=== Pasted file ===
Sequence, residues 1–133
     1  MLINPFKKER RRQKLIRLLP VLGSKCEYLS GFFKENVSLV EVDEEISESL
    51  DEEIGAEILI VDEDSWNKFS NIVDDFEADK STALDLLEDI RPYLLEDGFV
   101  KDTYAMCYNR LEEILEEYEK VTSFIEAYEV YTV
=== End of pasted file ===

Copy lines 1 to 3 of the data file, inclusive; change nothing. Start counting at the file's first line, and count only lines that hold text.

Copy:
Sequence, residues 1–133
     1  MLINPFKKER RRQKLIRLLP VLGSKCEYLS GFFKENVSLV EVDEEISESL
    51  DEEIGAEILI VDEDSWNKFS NIVDDFEADK STALDLLEDI RPYLLEDGFV